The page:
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Ex-IBM Employee from China Arrested in U.S. for Code Theft An undercover officer posing as an investor seeking to start a data storage company contacted the former IBM employee, who was later arrested and charged with one count of theft of a trade secret.

By Reuters

This story originally appeared on Reuters

A former software engineer for IBM Corp in China has been arrested by U.S. authorities for allegedly stealing proprietary source code from his former employer, prosecutors announced on Tuesday.

Jiaqiang Xu, 29, was charged in a criminal complaint filed in federal court in White Plains, New York, with one count of theft of a trade secret, as prosecutors accused him of trying to sell the stolen code to other companies.

He was arrested on Monday after meeting with an undercover officer at a White Plains hotel, where authorities said he was recorded saying he used the code to make software to sell to customers.

"Theft of trade secrets of the type alleged against Xu drains the lifeblood of innovation and competition, and is rightly a serious federal crime," Manhattan U.S. Attorney Preet Bharara said in a statement.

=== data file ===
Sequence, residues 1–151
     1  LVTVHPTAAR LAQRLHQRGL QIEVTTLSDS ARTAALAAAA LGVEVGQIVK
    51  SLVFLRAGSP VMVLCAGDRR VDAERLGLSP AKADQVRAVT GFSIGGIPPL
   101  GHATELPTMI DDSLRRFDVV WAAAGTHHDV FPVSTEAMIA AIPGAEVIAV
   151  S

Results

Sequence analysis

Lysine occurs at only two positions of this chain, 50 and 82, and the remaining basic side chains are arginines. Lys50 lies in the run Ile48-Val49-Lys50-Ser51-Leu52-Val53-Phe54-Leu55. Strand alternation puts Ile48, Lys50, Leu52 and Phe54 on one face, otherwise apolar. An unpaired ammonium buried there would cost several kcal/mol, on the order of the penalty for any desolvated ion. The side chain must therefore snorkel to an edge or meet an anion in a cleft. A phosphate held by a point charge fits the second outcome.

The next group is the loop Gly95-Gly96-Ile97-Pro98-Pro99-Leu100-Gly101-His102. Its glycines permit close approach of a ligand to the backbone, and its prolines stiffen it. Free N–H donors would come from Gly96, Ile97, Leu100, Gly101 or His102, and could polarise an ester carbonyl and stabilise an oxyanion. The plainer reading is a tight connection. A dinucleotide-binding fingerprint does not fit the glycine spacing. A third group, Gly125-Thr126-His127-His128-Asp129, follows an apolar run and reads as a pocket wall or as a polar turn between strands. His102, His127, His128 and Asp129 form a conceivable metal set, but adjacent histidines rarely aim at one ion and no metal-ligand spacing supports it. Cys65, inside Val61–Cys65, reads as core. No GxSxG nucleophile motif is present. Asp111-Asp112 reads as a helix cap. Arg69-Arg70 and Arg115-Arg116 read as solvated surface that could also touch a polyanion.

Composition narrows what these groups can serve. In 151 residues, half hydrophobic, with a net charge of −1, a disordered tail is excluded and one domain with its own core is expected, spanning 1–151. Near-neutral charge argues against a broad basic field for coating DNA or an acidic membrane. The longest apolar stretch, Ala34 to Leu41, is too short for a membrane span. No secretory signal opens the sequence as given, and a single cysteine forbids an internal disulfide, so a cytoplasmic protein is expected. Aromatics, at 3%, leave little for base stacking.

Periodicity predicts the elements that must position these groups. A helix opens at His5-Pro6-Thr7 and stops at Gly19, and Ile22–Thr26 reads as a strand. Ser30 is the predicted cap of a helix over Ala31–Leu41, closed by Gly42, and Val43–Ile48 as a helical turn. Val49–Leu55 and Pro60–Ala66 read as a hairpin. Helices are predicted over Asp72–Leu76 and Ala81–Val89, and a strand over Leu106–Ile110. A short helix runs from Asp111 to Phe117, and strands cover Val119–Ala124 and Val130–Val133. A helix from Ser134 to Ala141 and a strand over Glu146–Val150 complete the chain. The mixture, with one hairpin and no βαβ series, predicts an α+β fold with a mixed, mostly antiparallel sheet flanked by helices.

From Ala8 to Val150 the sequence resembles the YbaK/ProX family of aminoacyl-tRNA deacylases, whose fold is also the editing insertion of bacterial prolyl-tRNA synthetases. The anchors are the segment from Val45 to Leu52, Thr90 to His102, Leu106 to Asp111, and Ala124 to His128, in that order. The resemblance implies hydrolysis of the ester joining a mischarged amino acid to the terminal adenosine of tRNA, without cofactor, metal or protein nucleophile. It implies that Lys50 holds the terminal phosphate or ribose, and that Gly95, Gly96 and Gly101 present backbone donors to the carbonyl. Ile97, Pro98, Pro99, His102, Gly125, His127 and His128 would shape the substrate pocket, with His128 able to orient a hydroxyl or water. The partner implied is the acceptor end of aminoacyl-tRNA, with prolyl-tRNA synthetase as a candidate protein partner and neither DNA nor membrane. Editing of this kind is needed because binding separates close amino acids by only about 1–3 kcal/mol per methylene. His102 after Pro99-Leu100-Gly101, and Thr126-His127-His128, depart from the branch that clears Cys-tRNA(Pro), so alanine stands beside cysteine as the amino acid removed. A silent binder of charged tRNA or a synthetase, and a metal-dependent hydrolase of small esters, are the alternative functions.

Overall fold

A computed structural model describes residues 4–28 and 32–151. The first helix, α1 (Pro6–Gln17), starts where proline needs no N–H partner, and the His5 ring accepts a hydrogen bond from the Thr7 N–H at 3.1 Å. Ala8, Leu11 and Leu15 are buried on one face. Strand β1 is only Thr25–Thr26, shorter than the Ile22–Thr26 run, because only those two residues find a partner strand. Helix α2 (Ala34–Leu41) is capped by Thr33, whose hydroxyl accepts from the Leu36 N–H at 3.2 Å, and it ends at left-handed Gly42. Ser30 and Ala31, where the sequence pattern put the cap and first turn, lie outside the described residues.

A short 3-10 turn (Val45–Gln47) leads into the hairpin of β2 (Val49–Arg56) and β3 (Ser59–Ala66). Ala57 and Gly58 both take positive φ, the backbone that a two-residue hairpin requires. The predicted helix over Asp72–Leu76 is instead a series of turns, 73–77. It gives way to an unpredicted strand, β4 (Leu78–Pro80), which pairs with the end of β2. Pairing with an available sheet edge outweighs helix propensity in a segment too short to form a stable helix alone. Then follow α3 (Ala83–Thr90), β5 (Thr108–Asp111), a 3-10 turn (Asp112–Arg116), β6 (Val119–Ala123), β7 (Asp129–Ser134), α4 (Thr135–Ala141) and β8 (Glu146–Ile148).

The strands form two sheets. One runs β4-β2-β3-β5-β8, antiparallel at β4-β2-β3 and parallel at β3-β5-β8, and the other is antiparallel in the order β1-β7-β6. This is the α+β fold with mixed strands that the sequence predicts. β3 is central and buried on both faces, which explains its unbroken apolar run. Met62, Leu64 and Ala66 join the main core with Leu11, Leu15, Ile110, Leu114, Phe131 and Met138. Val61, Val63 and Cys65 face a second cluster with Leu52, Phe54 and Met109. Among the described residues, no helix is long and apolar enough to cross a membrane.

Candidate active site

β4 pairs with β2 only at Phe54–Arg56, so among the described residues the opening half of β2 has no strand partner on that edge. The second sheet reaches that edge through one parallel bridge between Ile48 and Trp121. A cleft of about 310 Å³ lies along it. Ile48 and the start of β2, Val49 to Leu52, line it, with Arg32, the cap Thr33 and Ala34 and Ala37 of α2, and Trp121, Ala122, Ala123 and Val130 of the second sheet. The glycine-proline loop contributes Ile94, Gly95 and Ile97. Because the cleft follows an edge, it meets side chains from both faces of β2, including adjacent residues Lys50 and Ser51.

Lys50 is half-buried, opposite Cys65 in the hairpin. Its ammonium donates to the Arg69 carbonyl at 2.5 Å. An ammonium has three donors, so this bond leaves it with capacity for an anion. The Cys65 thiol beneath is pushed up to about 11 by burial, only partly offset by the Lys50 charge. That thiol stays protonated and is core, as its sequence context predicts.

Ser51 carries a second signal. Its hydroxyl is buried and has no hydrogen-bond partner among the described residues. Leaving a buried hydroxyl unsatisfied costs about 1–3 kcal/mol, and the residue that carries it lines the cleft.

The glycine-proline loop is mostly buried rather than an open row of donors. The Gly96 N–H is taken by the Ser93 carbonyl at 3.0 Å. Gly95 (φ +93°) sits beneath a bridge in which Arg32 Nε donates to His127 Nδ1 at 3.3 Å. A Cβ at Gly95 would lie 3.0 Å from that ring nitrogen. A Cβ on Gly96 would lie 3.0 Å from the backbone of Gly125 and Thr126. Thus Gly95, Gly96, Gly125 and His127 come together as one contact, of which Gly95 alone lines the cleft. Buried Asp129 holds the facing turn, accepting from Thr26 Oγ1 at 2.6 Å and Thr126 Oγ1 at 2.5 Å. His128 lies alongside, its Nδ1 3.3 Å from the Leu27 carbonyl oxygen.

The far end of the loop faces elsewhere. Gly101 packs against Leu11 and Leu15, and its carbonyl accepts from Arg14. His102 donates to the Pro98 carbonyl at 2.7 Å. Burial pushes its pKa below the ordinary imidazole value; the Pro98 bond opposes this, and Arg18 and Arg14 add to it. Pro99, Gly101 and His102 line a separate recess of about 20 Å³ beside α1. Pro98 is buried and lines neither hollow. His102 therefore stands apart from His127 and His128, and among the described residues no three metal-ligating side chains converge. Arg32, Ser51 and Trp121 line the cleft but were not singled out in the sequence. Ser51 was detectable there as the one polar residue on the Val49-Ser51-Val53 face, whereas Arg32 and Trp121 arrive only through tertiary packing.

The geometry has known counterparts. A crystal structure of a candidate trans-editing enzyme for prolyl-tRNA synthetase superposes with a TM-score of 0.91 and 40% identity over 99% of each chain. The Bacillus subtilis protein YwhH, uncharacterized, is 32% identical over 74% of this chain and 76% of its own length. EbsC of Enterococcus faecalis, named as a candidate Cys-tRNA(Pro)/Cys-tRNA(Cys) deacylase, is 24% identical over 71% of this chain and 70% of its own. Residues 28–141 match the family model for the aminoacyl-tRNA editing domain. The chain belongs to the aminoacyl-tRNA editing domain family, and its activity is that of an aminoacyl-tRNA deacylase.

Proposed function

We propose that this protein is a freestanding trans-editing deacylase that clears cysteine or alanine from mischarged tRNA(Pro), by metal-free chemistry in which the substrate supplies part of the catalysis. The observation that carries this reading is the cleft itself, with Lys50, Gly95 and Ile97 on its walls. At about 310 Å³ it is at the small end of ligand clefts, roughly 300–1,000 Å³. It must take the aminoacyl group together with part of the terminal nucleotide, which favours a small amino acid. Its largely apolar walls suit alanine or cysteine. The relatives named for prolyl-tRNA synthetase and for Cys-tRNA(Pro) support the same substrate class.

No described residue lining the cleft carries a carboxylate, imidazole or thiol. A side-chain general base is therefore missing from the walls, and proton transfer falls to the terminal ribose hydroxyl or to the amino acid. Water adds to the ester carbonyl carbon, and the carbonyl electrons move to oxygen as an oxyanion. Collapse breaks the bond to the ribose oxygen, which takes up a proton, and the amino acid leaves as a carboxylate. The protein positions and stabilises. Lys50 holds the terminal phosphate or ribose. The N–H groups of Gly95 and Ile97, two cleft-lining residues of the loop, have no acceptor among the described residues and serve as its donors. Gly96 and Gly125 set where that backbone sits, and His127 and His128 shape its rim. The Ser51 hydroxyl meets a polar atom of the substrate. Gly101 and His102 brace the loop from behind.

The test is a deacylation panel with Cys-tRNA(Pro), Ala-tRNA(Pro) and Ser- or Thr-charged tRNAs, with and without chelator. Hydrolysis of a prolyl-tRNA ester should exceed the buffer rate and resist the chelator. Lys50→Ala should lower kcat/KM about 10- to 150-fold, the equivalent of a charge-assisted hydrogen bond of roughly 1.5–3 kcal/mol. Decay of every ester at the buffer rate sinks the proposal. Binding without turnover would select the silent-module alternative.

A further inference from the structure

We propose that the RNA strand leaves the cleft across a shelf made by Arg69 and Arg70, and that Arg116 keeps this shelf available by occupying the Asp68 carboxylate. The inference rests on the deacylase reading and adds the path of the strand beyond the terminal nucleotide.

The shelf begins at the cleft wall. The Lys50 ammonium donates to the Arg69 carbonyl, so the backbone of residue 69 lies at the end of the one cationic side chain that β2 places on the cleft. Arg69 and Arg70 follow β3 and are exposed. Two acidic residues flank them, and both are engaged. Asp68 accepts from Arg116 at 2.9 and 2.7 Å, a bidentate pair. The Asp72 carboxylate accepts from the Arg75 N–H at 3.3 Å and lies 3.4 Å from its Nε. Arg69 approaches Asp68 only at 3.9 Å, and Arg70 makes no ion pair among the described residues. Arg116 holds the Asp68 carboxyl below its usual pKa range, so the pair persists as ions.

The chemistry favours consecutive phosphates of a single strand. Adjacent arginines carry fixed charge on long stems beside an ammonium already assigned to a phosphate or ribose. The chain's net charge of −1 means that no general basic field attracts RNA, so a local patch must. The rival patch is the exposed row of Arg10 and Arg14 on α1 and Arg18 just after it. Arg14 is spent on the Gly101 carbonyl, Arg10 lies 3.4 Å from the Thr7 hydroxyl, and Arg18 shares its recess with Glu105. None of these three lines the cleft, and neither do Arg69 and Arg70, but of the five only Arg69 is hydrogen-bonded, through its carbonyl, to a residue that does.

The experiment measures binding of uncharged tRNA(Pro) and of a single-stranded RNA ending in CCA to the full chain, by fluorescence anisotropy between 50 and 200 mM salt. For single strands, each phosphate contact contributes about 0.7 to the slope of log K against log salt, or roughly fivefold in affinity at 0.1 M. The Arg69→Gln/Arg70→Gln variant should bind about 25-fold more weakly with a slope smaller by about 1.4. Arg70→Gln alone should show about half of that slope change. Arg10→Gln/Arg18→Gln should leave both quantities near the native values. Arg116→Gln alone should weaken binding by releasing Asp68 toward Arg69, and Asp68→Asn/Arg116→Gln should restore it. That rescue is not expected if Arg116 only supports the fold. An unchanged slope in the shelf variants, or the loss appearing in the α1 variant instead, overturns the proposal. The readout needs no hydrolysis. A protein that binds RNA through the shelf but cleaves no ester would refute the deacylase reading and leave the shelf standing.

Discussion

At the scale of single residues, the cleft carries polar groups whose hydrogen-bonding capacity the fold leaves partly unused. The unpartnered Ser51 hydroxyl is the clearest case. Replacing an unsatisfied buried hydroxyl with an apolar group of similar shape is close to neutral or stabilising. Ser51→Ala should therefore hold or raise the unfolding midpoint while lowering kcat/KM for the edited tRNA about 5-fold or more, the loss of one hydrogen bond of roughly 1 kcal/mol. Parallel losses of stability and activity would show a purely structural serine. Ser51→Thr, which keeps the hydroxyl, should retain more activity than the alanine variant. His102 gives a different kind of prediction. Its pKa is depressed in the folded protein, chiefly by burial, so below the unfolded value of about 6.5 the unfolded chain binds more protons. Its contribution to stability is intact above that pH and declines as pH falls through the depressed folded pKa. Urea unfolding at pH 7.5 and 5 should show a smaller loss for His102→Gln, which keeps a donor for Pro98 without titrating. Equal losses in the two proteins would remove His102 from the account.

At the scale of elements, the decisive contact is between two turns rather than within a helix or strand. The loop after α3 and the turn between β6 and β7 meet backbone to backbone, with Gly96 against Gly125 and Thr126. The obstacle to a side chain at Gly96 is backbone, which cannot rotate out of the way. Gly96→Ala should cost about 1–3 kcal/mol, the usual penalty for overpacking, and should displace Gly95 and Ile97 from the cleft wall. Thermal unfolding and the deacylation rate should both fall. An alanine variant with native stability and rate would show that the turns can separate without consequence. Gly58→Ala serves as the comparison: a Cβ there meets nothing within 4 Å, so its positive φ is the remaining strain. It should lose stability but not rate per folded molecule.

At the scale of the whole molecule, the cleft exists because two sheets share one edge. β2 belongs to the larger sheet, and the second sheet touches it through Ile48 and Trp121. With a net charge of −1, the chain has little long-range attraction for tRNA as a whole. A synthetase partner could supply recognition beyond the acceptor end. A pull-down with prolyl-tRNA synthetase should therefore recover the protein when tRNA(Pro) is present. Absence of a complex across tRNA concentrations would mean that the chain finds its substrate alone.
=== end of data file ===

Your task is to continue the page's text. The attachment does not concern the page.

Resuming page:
IBM was not identified by name in the complaint. But a LinkedIn profile for Xu said he was employed as a system software developer at IBM during the period in question.

An IBM spokesman declined comment.

Prosecutors said the source code at issue was related to proprietary software the company developed for a clustered file system, which facilitates faster computer performance.

Xu, who began working at IBM in China in 2010, had full access to the source code before voluntarily resigning in May 2014, prosecutors said.

According to the complaint, the Federal Bureau of Investigation in 2014 received a report that someone in China was claiming to have access to the code and using it for business ventures.

An undercover law enforcement officer posing as an investor seeking to start a data storage company subsequently contacted Xu, the complaint said.

In March, Xu, after earlier sending the purported investor his resume, emailed the officer and another undercover agent about his past experience with the proprietary software and attached some sample code from his prior job.

Xu later told one of the undercover officers he was willing to consider providing his company the code to allow it to develop its own data storage system, prosecutors said.

After Xu offered to remotely install the proprietary software, the FBI in August arranged for a computer network to be set up to his specifications to do so. Files uploaded to it contained a functioning copy of the software, prosecutors said.

The case is U.S. v. Xu, U.S. District Court, Southern District of New York, No. 15-mj-4388.

(Reporting by Nate Raymond in New York; Editing by Tom Brown)

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